This people group descended from the Israelites. They believed in the one true God. They studied the books of Moses. They faithfully adhered to the spirit of God’s law. So, why were they reviled by their Jewish brothers?
Throughout the gospels, we read about different people groups that played a significant role in the land of Palestine during the first century. These people influenced the culture in which Christ ministered, and He tailored His messages in order to both reach and respond to these groups. Learning more about these people can add greater detail and deeper understanding to our study of the gospels. What follows is a thumbnail sketch of one of these groups–the Samaritans.
- The Samaritans were an Israelite sect that lived in the territory of Samaria between Galilee to the north and Judea to the south.
- Their central sanctuary was located at Mt. Gerizim near the town of Shechem.
- They believed in one God, in Moses the prophet, and in the Pentateuch as the Word of God.
- They believed that Mt. Gerizim was the site of worship originally intended by God (Deuteronomy 27) and that the temple and shrines in Jerusalem were a perversion of the Lord’s instructions.
- Jesus taught that the Samaritans were often more conscientious in adhering to the spirit of the Law than were the Jews (Luke 10:25-37).
- The Samaritans believed themselves to be direct descendants of a faithful segment of the nation of Israel, which developed alongside the northern kingdom. They dated their beginnings as early as the eleventh century B.C. when Israel’s center of worship was moved from Mt.Gerizim to Shiloh in defiance of God’s command (Deuteronomy 27).
- Jewish tradition links the origin of the Samaritans to the account of 2 Kings 17:24-41, which claims that the Samaritan people developed as a result of intermarriage between the Israelites and the Assyrian colonists who entered the land following the fall of the northern kingdom. This interpretation of the passage is unlikely. The word often translated as “Samaritans” in 2 Kings 17:29 simply means “inhabitants of Samaria.” No definitive evidence exists to link the later Samaritans to the inhabitants of Samaria at the time of the Assyrian conquest.
- It is more likely that the Samaritans developed following the exile from devout descendants of the original inhabitants of the northern kingdom who remained in the land following the Assyrian conquest.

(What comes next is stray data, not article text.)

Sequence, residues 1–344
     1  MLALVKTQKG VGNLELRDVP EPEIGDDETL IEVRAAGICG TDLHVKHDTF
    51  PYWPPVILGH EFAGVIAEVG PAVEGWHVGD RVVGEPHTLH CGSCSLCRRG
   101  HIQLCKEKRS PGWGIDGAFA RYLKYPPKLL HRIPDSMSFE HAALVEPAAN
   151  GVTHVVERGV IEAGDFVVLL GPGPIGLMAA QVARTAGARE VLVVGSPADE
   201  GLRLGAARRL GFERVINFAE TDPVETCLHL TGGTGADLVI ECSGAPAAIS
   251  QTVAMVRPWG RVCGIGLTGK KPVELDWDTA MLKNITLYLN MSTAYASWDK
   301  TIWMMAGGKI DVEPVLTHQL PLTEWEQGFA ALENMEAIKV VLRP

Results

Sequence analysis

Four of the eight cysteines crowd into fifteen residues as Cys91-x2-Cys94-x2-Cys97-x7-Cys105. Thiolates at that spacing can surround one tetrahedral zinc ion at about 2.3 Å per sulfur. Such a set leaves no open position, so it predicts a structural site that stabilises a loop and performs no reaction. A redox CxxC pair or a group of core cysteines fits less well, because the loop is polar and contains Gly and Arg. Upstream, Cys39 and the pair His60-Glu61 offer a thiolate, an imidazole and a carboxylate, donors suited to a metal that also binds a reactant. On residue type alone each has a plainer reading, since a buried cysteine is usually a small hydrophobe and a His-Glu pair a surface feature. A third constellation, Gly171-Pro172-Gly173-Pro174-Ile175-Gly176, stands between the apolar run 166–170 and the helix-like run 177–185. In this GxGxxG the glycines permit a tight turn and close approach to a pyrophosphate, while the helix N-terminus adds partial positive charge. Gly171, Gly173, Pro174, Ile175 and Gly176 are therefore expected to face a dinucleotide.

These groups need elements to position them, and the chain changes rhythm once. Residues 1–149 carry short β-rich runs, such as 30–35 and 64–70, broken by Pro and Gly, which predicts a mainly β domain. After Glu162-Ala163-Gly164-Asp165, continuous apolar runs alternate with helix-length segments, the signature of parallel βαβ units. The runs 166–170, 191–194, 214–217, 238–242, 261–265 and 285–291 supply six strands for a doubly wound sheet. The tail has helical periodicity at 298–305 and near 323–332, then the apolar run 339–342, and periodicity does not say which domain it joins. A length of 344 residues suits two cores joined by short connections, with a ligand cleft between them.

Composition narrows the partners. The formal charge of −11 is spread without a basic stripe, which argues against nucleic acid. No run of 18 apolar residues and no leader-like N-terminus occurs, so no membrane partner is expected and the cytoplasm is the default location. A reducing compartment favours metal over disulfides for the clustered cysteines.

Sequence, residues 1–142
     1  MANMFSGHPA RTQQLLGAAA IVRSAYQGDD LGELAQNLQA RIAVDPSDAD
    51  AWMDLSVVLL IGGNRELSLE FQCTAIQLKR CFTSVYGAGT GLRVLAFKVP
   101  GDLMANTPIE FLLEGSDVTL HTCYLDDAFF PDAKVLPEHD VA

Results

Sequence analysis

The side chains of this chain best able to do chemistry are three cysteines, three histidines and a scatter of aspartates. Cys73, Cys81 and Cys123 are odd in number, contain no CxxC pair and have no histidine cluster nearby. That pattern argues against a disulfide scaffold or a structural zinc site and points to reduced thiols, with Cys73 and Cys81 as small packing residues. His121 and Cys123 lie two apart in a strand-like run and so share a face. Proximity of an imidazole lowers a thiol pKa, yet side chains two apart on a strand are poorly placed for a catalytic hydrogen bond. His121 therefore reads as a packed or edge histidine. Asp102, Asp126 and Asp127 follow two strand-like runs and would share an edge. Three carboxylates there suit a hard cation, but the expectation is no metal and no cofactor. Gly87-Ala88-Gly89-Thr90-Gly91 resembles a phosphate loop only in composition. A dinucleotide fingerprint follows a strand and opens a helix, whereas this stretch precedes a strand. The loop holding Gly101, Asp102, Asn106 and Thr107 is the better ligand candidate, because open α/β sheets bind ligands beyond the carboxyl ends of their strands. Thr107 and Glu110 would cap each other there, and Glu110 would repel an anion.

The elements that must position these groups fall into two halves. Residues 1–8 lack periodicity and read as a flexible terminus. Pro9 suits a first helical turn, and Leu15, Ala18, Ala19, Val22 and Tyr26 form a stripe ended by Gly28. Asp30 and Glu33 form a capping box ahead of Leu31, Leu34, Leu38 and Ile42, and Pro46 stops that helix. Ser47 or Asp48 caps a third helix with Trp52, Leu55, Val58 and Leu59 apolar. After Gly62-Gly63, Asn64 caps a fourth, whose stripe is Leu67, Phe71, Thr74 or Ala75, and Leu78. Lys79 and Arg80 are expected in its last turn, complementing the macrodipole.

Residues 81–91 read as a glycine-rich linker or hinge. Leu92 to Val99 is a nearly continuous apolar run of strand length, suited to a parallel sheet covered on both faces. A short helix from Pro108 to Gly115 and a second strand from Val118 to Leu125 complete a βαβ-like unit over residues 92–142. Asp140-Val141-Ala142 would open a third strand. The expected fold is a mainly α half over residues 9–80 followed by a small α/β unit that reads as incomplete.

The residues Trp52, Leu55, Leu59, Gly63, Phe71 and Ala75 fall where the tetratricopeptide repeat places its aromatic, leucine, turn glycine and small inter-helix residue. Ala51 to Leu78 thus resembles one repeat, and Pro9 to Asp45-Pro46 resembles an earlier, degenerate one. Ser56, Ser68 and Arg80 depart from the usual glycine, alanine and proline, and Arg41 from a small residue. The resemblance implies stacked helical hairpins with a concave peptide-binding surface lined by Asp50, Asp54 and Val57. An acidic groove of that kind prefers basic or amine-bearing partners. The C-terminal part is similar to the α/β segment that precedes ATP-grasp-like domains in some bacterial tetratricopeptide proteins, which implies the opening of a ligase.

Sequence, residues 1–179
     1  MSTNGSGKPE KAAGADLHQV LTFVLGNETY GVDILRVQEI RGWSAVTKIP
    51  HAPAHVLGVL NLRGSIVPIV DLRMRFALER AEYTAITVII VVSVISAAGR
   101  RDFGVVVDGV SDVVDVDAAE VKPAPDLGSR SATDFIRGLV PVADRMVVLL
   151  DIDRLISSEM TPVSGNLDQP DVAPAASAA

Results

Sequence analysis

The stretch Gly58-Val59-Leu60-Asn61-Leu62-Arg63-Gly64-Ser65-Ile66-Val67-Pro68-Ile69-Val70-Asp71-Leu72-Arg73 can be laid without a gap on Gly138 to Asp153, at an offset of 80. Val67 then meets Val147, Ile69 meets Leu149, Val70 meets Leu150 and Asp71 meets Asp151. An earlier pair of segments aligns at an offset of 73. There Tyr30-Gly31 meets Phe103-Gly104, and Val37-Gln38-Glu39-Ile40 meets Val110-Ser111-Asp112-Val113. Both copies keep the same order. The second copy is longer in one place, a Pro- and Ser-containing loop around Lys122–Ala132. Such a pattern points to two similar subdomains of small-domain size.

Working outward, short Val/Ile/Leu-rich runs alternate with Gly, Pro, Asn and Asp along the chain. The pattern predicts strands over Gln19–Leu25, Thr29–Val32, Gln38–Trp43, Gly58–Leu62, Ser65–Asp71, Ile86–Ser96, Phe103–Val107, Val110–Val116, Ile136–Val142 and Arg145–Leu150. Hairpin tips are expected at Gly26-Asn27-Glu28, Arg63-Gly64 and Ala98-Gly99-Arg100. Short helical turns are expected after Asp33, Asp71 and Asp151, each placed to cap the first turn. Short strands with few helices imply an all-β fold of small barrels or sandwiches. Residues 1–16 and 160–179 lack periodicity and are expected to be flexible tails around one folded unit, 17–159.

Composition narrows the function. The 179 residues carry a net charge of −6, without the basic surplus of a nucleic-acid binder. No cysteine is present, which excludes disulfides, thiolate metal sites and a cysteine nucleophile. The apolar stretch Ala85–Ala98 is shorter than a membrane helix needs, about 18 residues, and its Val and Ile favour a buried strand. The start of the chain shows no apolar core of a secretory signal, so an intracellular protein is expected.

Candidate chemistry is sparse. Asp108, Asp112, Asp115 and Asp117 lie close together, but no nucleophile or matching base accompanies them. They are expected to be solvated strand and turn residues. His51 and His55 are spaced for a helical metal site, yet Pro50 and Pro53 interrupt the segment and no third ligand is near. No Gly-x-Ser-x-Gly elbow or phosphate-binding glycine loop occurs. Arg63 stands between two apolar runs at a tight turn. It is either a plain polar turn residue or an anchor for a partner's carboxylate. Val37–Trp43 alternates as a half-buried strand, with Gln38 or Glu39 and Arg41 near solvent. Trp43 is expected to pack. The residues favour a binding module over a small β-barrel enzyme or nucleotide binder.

- When the Babylonians captured Jerusalem, Nebuchadnezzar added the city to the province of Samaria.
- At the time of the return, the Samaritan governor Sanballat recognized that Nehemiah was creating a separate political entity that would be distinct from Samaria. In response, the Samaritans vigorously opposed the rebuilding of the Jerusalem walls (Nehemiah 4:7-8).
- A complete split between the Jews and the Samaritans occurred when the grandson of Eliashib, the high priest, married the daughter of Sanballat. This marriage violated the statute prohibiting mixed marriages. Because Eliashib refused to dissolve the marriage, he was expelled from the temple service in Jerusalem. He settled in Samaria where Sanballat constructed a temple for him on Mt.Gerizim. There the Samaritans conducted worship until 128 B.C. when John Hyrcanus destroyed the temple.
- In addition to the rift caused by Samaritan worship at Gerizim, the schism between the Jews and Samaritans grew during the intertestamental period because the Samaritans established political alliances with the Ptolemies and Seleucids, increasingly embraced the influence of Hellenism, and refused to join the resistance against the Seleucian ruler Anticochus Epiphanes.
Reaction to Christ
- Reaction to Christ among the Samaritans was mixed.
- After Christ’s conversation with a Samaritan woman, she and her fellow villagers believed in Him (John 4:1-43).
- The Samaritans would not receive Jesus because He was traveling toward Jerusalem (Luke 9:52-53).
- A Samaritan man was the only one of ten lepers healed by Jesus who returned to thank Him (Luke 17:16).
- The Samaritans were receptive to Philip’s message concerning Christ (Acts 8:1-25).
Resources for Further Study
- Green, J., McKnight, S., and Marshall, I.H. (eds.) Dictionary of Jesus and the Gospels (Downsers Grove, IL: InterVarsity Press, 1992)
- Tenney, Merrill C. New Testament Times (Grand Rapids: Eerdmans, 1965)
- Tenney, Merrill C. The Zondervan Pictoral Encyclopedia of the Bible, vol. 4 (Grand Rapids: Zondervan, 1975)